The research was supported by the Grant of the Russian Fund for Basic Research (Project no. 13-01-91158) and the Division of Mathematical Sciences of the Russian Academy of Sciences.

References

  1. H. Hotelling, “Stability in competition,” The Economic Journal, vol. 39, no. 153, pp. 41–57, 1929. View at: Google Scholar
  2. C. d'Aspremont, J. Gabszewicz, and J.-F. Thisse, “On Hotelling's “stability in competition”,” Econometrica, vol. 47, no. 5, pp. 1145–1150, 1979. View at: Google Scholar
  3. N. Economides, “Minimal and maximal product differentiation in Hotelling's duopoly,” Economics Letters, vol. 21, no. 1, pp. 67–71, 1986. View at: Publisher Site | Google Scholar | MathSciNet
  4. S. Salop, “Monopolistic competition with outside goods,” Bell Journal of Economics, vol. 10, no. 1, pp. 141–156, 1979. View at: Publisher Site | Google Scholar
  5. H. Ahn, S. W. Cheng, O. Cheong, and R. van Oostrum, “Competitive facility location: the Voronoi game,” Theoretical Computer Science, vol. 310, no. 1–3, pp. 457–467, 2004. View at: Publisher Site | Google Scholar | MathSciNet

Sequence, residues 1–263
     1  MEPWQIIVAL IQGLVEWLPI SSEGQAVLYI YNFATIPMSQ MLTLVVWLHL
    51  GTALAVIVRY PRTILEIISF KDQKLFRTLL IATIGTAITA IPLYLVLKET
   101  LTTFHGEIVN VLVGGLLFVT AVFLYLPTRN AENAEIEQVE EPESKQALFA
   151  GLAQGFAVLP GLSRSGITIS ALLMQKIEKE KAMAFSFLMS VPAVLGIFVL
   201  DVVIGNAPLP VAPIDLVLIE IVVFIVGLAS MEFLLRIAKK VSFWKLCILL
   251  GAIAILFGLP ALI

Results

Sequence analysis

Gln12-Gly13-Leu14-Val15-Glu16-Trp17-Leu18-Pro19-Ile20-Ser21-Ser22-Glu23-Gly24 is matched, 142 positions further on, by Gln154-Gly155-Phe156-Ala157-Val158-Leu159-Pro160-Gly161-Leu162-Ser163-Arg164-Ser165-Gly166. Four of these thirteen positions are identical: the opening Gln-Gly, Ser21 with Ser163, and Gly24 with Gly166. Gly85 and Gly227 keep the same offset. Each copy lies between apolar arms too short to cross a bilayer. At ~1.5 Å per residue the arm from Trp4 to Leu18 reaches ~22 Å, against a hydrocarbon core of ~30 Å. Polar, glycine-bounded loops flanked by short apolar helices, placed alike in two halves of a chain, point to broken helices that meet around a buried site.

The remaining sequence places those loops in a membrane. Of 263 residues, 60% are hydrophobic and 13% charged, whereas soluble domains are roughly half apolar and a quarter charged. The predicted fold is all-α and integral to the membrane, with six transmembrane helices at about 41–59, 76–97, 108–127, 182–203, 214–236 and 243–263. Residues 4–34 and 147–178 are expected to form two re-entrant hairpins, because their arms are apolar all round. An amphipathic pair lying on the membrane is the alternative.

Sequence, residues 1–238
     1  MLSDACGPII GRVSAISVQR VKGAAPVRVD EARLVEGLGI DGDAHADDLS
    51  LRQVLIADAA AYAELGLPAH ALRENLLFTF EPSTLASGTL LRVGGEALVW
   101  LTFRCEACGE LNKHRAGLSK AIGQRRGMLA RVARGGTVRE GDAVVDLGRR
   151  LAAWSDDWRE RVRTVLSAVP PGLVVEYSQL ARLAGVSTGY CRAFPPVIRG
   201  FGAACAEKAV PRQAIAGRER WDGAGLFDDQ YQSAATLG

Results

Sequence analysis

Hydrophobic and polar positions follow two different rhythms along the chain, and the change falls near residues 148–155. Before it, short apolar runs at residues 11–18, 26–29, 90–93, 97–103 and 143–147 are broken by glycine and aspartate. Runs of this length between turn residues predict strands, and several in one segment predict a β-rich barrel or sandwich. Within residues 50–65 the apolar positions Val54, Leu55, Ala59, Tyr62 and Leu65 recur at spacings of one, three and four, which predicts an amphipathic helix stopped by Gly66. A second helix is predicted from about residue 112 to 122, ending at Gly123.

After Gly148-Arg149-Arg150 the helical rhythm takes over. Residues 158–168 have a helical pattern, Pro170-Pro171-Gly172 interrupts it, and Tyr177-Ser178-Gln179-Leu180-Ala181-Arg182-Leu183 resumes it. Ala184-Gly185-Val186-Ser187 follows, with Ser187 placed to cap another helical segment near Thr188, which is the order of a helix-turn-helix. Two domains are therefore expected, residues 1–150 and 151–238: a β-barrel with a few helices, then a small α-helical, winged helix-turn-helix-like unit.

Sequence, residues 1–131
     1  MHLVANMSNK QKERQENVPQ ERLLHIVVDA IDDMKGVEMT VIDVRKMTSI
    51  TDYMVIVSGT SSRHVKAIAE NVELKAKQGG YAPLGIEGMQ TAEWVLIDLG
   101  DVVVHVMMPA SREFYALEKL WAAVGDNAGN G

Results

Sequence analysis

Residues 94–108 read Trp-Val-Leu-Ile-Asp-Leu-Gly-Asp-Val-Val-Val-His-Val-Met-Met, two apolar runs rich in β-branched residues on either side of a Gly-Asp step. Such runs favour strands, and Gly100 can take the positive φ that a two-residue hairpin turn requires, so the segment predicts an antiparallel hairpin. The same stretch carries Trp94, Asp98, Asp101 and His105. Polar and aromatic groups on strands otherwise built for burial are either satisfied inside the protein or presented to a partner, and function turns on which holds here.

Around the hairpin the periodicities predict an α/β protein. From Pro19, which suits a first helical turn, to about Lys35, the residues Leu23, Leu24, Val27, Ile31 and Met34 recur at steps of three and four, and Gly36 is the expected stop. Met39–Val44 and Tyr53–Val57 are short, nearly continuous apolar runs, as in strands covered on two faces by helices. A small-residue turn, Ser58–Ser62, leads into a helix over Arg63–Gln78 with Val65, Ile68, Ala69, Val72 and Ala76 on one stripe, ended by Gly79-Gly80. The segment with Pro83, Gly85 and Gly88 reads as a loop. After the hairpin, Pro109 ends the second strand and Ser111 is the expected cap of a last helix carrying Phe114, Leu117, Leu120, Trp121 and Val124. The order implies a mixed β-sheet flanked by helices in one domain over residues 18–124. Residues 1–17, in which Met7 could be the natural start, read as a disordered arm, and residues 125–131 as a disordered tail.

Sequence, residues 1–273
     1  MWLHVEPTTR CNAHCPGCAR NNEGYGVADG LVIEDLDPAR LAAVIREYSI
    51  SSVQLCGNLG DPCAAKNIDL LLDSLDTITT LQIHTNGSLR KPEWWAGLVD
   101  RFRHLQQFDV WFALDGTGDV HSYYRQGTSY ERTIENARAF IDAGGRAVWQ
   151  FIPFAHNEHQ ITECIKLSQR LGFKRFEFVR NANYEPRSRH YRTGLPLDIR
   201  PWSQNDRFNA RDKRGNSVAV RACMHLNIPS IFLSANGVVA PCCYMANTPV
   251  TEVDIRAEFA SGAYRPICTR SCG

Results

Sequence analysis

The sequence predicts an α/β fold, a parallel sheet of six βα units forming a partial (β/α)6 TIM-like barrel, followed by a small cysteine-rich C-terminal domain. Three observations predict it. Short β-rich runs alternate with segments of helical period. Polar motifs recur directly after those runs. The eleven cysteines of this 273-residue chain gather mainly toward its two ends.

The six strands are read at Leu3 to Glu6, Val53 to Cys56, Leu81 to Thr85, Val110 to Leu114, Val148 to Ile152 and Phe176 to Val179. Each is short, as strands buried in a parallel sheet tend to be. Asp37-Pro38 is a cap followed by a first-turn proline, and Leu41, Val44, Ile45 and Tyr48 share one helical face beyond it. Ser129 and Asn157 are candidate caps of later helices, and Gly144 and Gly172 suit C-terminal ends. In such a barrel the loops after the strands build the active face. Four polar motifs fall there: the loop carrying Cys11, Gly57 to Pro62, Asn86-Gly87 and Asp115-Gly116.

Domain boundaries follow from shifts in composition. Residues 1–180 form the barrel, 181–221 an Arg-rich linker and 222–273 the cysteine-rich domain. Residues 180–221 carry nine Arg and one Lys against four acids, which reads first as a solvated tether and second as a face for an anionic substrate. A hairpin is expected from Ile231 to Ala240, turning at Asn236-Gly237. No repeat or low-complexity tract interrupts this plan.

6. V. V. Mazalov and M. Sakaguchi, “Location game on the plane,” International Game Theory Review, vol. 5, no. 1, pp. 13–25, 2003. View at: Publisher Site | Google Scholar | MathSciNet
  7. V. V. Mazalov, A. V. Shchiptsova, and J. S. Tokareva, “Hotelling's duopoly and location game on the plane,” Economy and Mathematical Methods, vol. 46, no. 4, pp. 91–100, 2010 (Russian). View at: Google Scholar
  8. A. V. Mazalova, “Hotelling's duopoly in the Manhattan metric,” Herald of the Saint Petersburg University, vol. 10, no. 2, pp. 33–43, 2012 (Russian). View at: Google Scholar
  9. A. Caplin and B. Nalebuff, “Aggregation and imperfect competition: on the existence of equilibrium,” Econometrica, vol. 59, no. 1, pp. 25–59, 1991. View at: Publisher Site | Google Scholar | MathSciNet